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Originally published in the Chicago Review, Fall 1993 [Pushcart Prize nominee, 1994]


Reprinted as the leadoff story in the anthology Voices of the Xiled (Doubleday, cloth and paper), 1994



In Portland, Oregon, where it doesn’t rain several dozen days a year, people know the odds and leave their windshield wipers on when they park their cars, and deep puddles rarely form on streets planned and planed for wetness, and the rain, as if in deference to engineering and expectation, never falls in sheets and torrents, but takes the form of a constant drizzle barely thicker than a mist, a drizzle that, falling through the air, pastelizes the colors of the buildings, and that having fallen, grays out and darkens those colors; in Portland, landlocked Portland, connected by a river to the sky, a very thin young man with an electric guitar in a hard-shell case walked in the gutter of Yamhill Street to even out his height advantage over the young woman beside him.

A voice so high it was more a whistle than a voice came faintly through the drizzle: "Bass-tarss!"

Billy and Melissa turned the corner and the source of the sound opened up to them: three bald male figures, one of them with an arm extended toward an old black man who was falling away from the arm, toppling lock-kneed as stiffly as a Douglas Fir. The upturned hand of the old black man, falling, and the downturned hand of the young white man, felling him, were almost touching, suspended in a release that seemed a caress or a caress that seemed a release, each lingering on the moment of contact before giving the other back to the other’s world.

It was a long block, and sight and sound were very slightly out of sync: Billy and Melissa saw the old man fall against a metal trash can a split-second before they heard the clatter, saw him open his mouth, like a clown in a silent movie, before his voice rang out thinly: " ... young ... bastards!"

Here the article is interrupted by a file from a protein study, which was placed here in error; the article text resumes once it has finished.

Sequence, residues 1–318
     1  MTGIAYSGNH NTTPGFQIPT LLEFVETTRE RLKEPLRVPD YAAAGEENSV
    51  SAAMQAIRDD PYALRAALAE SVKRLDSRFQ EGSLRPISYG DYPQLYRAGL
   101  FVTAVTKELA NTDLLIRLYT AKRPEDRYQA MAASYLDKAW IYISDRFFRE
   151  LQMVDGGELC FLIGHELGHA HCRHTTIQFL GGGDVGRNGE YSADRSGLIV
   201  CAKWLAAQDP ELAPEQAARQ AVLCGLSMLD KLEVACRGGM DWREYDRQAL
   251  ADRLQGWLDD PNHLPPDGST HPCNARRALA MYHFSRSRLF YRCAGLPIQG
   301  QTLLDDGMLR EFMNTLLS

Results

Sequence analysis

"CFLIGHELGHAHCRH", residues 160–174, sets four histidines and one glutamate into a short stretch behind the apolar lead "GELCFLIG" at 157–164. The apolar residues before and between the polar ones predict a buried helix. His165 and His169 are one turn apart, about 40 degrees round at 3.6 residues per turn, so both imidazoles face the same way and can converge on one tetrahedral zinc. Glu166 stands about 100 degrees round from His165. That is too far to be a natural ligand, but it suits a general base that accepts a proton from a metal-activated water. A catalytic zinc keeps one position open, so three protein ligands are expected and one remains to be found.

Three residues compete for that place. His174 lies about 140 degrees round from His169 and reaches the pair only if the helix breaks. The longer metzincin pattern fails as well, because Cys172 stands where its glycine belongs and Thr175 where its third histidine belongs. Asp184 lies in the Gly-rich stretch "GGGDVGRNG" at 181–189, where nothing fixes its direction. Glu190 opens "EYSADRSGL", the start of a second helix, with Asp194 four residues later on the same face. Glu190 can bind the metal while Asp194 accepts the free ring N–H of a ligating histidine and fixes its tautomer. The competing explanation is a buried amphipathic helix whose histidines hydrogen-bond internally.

"Skinheads," said Melissa. Bottom-heavy in spit-polished military boots and baggy camouflage pants, they wore khaki jackets with swastika shoulder patches. One had White & Proud stenciled across his back like the name of an athletic team.

"Watch the Strat?" said Billy, setting the guitar case at Melissa’s feet.

To Melissa, who had never lost the thick-limbed, bowlegged swagger of the child athlete, Billy had always looked twiggish, kitelike; but now, as he ran away from her toward the skinheads, toward the unknown, toward the future, his orange nylon shell flew open, and the slivers of his legs beneath it seemed no more substantial than a butterfly’s body between its giant wings, tiny, careening, willy-nilly, buffeted by chance. Billy’s shout came back at her inarticulately down the long block.

The white-and-proud skinhead was kneeling before the old man, who was on his hands and knees and whose long jaw, lengthened by a scraggly white beard, opened longer. The youth tilted his stubbly head and parted his lips as if to give the old man a kiss or a bite on the face.

Melissa saw Billy grab the skinhead’s collar from behind and yank him backward, heard herself murmur Billy’s name, and heard in her murmur a warning, inaudible as all such warnings always are; heard in her own voice, it seemed to her later, a voice that was not her voice and an awareness of all that would happen next.



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